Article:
LAXTON JUNIOR SCHOOL

We all wear our uniform every day, and when we do, we become part of a cohesive community as a school. This year there have been changes to the sports uniform, and that got me thinking about what goes on behind the scenes at Oundle. 

At Oundle there is a Uniform Committee, which meets once a term to discuss issues they have discovered and to assess the uniform overall. Mrs. Makhzangi is the chairman of this committee, so I decided to talk to her about everything that goes into uniform decisions. In the committee there are several teachers from different areas of the School, as well as the Heads of School, representing the pupil body. If any decisions are to be made, the committee contacts the School’s uniform supplier, Schoolblazer, to get their opinions. Lots of thought goes into changes, with fabrics, timeframes and much more needing to be considered, and then, if the change goes past those stages, designs are made and altered using Computer Aided Design.

I wanted to know the reasons for the change to the sports uniform, as well as some more general information. Mrs Makhzangi explained that there were many issues with the old sports uniform, so there was a lot of pressure on the school to change it. To begin with the material used was very outdated, meaning it would take several washes to clean it and a long time to dry it fully, which was extremely damaging to the environment. The overall costs of the sports uniform alone were huge, both for the School and for the parents, who had to buy many different tops. The new uniform means parents don’t need to buy as many sport tops and the School can reduce the costs by around 20%, according to Mrs. Makhzangi.

There had also been complaints about the sports kit from parents and pupils. Many pupils found the tracksuits and other bits of kit didn’t fit them well and were uncomfortable to wear, so when the uniform changed, the school made sure that it was more inclusive. Regarding the new sports kit, the Uniform Committee is always ready to hear feedback from the pupils, but Mrs. Makhzangi says that a certain level of realism needs to be reached, as there is no way to make the uniform perfect for everyone, and that must always be remembered.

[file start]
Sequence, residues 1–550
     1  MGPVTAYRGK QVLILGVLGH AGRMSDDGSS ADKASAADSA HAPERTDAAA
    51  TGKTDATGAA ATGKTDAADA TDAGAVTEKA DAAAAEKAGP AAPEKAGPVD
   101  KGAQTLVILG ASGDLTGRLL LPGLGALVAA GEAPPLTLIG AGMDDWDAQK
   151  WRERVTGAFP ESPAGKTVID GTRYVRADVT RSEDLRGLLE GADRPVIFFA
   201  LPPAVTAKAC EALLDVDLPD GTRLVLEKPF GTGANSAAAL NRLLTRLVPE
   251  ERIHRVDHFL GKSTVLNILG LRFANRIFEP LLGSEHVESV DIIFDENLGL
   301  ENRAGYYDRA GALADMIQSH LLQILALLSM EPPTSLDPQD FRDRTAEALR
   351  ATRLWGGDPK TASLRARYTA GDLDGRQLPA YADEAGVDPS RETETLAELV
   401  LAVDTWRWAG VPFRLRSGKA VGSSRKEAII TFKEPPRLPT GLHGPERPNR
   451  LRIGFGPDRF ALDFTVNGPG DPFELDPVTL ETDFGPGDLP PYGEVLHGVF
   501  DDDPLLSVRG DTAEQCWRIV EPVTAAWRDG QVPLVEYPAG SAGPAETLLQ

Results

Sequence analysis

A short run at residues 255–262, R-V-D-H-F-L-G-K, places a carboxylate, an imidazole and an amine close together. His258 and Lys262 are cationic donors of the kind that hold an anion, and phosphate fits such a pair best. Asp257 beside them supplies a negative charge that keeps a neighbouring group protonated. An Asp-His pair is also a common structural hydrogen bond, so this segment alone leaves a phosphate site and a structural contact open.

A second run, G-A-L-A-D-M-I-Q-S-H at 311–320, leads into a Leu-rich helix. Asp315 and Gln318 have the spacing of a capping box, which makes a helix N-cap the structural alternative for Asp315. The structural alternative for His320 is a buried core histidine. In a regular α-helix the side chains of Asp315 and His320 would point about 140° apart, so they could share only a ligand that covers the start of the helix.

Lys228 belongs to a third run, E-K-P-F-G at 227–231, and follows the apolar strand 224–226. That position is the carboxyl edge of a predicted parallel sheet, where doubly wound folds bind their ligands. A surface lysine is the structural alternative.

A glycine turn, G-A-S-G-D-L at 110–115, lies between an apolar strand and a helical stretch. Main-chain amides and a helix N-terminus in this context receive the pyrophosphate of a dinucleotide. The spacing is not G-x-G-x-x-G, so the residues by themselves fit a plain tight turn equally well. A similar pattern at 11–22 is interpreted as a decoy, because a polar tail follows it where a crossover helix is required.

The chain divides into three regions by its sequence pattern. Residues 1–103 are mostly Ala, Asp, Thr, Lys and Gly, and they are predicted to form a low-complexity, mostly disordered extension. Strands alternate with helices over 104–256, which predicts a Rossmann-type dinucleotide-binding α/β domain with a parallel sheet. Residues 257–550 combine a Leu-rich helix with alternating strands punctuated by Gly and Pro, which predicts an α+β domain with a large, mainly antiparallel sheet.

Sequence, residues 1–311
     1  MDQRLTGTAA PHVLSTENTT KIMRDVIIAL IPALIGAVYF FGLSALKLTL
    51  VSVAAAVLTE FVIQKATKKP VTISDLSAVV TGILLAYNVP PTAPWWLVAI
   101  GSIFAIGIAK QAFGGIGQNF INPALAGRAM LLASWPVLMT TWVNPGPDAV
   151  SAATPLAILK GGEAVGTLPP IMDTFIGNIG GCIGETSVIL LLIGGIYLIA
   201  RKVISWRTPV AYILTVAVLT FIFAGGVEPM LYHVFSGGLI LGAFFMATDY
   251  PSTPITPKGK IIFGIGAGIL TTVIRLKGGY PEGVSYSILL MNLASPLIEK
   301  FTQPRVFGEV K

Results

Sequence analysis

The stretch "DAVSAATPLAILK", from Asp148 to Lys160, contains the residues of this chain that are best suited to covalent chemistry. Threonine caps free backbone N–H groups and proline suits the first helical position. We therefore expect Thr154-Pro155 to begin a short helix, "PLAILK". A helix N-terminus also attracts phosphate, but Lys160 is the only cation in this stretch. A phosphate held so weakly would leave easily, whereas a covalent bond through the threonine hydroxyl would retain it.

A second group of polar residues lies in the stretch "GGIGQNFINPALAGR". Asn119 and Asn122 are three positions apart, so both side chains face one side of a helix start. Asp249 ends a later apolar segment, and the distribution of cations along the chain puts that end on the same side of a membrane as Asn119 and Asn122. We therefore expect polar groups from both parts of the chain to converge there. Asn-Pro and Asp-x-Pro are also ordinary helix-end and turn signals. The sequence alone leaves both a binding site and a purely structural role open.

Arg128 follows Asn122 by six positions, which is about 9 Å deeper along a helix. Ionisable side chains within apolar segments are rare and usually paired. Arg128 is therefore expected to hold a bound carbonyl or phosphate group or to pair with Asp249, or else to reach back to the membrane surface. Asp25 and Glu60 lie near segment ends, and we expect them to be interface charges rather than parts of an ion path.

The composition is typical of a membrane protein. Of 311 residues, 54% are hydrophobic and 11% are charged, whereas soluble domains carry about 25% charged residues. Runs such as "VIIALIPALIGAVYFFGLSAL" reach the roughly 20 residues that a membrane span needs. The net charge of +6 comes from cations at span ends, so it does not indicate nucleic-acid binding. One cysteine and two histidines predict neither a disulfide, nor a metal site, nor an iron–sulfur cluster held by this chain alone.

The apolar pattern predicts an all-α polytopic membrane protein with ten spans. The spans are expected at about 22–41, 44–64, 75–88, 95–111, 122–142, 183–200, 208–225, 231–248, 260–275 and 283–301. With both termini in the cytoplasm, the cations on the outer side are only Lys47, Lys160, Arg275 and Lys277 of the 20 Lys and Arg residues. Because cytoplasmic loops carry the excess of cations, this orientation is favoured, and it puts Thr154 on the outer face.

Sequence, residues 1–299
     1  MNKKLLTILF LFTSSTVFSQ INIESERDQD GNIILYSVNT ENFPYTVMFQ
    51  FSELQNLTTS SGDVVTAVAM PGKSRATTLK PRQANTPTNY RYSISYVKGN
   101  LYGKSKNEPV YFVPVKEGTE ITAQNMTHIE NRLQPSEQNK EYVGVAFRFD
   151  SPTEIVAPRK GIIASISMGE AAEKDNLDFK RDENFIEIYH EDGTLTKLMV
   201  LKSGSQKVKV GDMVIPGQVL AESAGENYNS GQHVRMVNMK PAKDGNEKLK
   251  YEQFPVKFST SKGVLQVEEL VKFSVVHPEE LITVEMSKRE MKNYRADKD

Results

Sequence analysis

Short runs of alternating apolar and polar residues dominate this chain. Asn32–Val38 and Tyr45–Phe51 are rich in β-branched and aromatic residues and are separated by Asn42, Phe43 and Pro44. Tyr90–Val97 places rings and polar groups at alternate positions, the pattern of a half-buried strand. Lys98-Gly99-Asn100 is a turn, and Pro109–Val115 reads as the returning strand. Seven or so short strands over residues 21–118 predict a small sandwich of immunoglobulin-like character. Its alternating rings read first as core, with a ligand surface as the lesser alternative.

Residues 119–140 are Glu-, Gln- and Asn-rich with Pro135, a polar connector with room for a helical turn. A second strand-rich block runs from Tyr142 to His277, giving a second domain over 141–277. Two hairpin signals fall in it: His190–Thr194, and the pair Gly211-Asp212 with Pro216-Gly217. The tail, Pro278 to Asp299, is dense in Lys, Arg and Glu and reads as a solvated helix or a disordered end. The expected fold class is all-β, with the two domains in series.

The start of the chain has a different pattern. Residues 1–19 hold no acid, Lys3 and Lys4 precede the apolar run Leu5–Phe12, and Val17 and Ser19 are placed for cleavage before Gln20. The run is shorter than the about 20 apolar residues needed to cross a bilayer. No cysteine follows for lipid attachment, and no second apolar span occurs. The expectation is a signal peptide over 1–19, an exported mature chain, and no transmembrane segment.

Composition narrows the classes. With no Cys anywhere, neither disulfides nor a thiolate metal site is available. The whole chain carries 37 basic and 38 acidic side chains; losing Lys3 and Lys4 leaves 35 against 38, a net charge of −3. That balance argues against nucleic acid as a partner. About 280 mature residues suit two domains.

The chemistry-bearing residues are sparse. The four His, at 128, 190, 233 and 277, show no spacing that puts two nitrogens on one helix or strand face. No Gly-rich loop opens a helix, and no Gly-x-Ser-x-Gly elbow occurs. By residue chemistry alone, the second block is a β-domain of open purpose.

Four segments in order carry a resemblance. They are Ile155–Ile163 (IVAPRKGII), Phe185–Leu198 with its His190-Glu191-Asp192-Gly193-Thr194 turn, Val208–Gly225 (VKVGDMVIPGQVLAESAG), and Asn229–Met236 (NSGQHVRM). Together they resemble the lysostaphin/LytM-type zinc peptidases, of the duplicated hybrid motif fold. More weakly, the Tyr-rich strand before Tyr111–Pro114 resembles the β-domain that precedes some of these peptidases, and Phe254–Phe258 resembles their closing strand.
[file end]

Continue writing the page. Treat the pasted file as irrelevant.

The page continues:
In the future, the uniform might change to keep up with the ever-changing professional world. Standards are changing and society’s norms are progressing, and being professional is becoming less and less linked to how someone dresses themselves. But will Oundle’s standards change as well? Oundle’s uniform ensures its pupils appear professional and presentable, and the School hopes we can take pride in our uniforms. The uniform contributes to a focused workplace environment and promotes learning for all pupils and teachers. It is extremely important to Oundle to keep the uniform traditional and acceptable in the most conventional way, so further change is probably unlikely.

However, many things have happened that fifty years ago would have been considered preposterous – the eventual admission of girls, for example – so no one really knows right now. Change is important for everything; it’s how we grow as people and how the world can progress, but some people are wary of change; no one knows what can come of it, and it can be intimidating at times. School uniform would be a fitting place to begin if Oundle were to stray away from tradition and convention. If the uniform changes, other aspects of School life would surely follow suit. 

Where next
Oundle at a glance

As a final thought, the uniform at Oundle brings together everyone as a community and allows the pupils to appreciate the tradition of the School that has formed over the last 450 years. It is important for all of us, and something to be celebrated while we are a part of the School. But in a world where everything is unsure, should we stick to what we know, or should we express our individuality?

Written by
Rachel Johnston, Dryden

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